The Canola Council of Canada agronomy team came up with 12 agronomy priorities for 2015, and then ranked them. Here are the top 10, with our highest ranked topic placed first. We will cover these topics in more detail throughout 2015.
1. How to identify fertility shortcomings. What to look for? When to check, and how often? A couple years of higher yields and high rainfall amounts have led to reduced overall nutrient levels and increased nutrient variability in many fields. Identifying nutrient shortcoming and how they reduce yield often requires more than just a soil test, although a soil test is a good first step. How to diagnose deficiency.
2. How to assess data quality. Not all data is created equal, and it is important to separate good data from bad and to fairly interpret trial results.
3. Choosing the right seeding rate. The key is to use a seeding rate that will achieve 7 to 10 plants per square foot based on seed size and field conditions. Read why. It may be worthwhile to use a higher rate for earlier seeded canola or higher risk fields, and lower rates for later seeded or low risk fields.
4. How to check for yield losses on combines. Growers need specific tips on how to do a proper job, including removal of chopper and drop pan techniques, how long it will take and the potential return on that time spent. It can be higher than you think.
5. Economic thresholds for insect management. This will include refinement, where necessary, of scouting techniques. For example, sweep net results for lygus can vary based on time of day, wind and temperature. Read more on current thresholds.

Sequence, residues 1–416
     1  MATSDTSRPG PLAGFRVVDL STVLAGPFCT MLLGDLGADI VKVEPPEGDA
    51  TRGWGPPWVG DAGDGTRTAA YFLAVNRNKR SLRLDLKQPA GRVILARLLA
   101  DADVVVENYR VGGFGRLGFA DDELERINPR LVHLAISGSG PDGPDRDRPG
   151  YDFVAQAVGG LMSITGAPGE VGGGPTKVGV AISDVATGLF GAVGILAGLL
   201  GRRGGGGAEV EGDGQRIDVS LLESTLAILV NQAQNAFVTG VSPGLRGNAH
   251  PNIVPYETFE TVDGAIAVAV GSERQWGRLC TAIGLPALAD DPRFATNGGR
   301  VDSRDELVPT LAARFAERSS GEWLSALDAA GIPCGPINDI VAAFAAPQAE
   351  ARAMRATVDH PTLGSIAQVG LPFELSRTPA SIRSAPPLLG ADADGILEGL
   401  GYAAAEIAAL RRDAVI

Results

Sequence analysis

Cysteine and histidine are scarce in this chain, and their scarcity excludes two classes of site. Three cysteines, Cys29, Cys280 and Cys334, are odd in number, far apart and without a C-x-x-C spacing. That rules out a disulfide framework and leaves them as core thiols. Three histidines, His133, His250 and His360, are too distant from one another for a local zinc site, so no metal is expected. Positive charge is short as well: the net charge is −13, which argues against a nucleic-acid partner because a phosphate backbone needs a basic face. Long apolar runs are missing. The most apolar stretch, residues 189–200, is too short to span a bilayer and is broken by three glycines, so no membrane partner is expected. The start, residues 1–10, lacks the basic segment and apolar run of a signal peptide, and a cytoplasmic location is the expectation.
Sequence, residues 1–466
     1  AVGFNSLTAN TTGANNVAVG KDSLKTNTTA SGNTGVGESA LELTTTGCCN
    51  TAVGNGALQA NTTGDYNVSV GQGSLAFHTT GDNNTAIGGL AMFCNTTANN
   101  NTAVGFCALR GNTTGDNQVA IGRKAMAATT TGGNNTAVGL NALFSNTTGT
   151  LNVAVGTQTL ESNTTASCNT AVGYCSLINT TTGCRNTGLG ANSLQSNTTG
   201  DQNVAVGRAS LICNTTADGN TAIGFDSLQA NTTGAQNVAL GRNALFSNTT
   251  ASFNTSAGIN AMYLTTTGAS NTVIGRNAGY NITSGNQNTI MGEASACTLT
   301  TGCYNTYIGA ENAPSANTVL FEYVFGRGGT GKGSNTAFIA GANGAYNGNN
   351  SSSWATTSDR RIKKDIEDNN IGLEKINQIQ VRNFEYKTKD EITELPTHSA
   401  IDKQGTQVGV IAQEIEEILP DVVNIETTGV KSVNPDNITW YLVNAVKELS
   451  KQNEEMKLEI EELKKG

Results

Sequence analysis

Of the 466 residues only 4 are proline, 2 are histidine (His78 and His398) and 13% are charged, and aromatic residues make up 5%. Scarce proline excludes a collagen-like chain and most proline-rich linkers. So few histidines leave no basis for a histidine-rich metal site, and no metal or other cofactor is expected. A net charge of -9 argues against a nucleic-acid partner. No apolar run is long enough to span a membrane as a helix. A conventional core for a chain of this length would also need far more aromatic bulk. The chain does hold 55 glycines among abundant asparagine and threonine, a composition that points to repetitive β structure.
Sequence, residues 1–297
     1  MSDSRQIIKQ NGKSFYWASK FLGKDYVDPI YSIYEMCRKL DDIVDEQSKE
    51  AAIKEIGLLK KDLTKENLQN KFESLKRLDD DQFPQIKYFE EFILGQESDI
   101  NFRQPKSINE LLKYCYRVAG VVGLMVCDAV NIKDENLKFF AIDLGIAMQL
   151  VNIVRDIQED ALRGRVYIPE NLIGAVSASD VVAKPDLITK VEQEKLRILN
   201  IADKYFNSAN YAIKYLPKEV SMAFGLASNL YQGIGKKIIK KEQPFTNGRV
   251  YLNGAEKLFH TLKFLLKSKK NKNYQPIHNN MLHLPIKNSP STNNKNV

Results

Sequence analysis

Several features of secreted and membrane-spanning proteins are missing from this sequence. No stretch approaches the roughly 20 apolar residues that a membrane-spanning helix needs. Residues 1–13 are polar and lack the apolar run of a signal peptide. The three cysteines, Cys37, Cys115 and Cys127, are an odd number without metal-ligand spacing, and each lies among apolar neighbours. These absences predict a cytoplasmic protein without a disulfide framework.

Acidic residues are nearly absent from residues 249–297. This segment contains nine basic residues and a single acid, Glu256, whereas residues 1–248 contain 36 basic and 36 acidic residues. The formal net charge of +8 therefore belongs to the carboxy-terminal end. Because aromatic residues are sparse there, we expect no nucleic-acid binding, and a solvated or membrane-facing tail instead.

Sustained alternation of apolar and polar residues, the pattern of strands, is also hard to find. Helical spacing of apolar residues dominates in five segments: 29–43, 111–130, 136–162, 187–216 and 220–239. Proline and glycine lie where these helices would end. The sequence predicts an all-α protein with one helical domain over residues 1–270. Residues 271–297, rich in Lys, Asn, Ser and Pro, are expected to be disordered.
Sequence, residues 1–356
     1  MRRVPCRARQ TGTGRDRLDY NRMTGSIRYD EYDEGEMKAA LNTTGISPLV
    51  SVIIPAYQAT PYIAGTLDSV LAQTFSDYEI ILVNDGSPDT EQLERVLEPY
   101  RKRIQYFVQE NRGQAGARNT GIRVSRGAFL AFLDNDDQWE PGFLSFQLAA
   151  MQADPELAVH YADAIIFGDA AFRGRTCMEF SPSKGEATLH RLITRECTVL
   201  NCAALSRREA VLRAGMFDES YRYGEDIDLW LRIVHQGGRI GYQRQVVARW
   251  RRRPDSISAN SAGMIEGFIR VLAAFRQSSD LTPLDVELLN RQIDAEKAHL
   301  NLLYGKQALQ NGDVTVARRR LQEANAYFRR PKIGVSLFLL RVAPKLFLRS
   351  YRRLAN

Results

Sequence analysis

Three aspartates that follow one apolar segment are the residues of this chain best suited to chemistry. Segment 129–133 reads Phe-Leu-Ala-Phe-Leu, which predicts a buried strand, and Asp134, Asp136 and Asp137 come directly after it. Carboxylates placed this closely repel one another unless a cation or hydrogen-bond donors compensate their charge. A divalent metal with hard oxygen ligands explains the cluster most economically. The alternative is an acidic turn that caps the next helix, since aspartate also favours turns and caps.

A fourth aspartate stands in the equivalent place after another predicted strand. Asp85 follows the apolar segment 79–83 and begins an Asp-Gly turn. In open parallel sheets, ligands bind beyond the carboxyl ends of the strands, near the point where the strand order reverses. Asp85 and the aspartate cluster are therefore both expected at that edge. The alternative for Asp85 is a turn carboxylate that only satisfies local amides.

6. Variety rotation. Using different canola varieties within your overall crop rotation can improve weed control and reduce disease risk. One specific question facing growers is whether to take clubroot resistance ahead of yield potential.
7. Sclerotinia stem rot and the real cost and risk analysis of spraying versus not spraying. Sclerotinia management tips.
8. Beneficial insects. What insects provide the most value, and what can be done to protect them while also protecting the crop? Here are a few key beneficials.
9. Take time to get familiar with straight combining canola. What are the circumstance where it makes sense? How can growers lower the risk? Here’s a primer.
10. Residue management. What are the best ways to make sure crop residue is spread evenly and thinly in preparation for next year’s canola crop? How much do these steps cost, and what is the potential return from residue management?
The two agronomy priorities in that fell off the top 10 list were (1) preventing and identifying herbicide resistant weeds and (2) sprayer tank clean out and crop damage that can result from unexpected herbicide residues.
To tell us how you would rank these and make comments on this list, click here.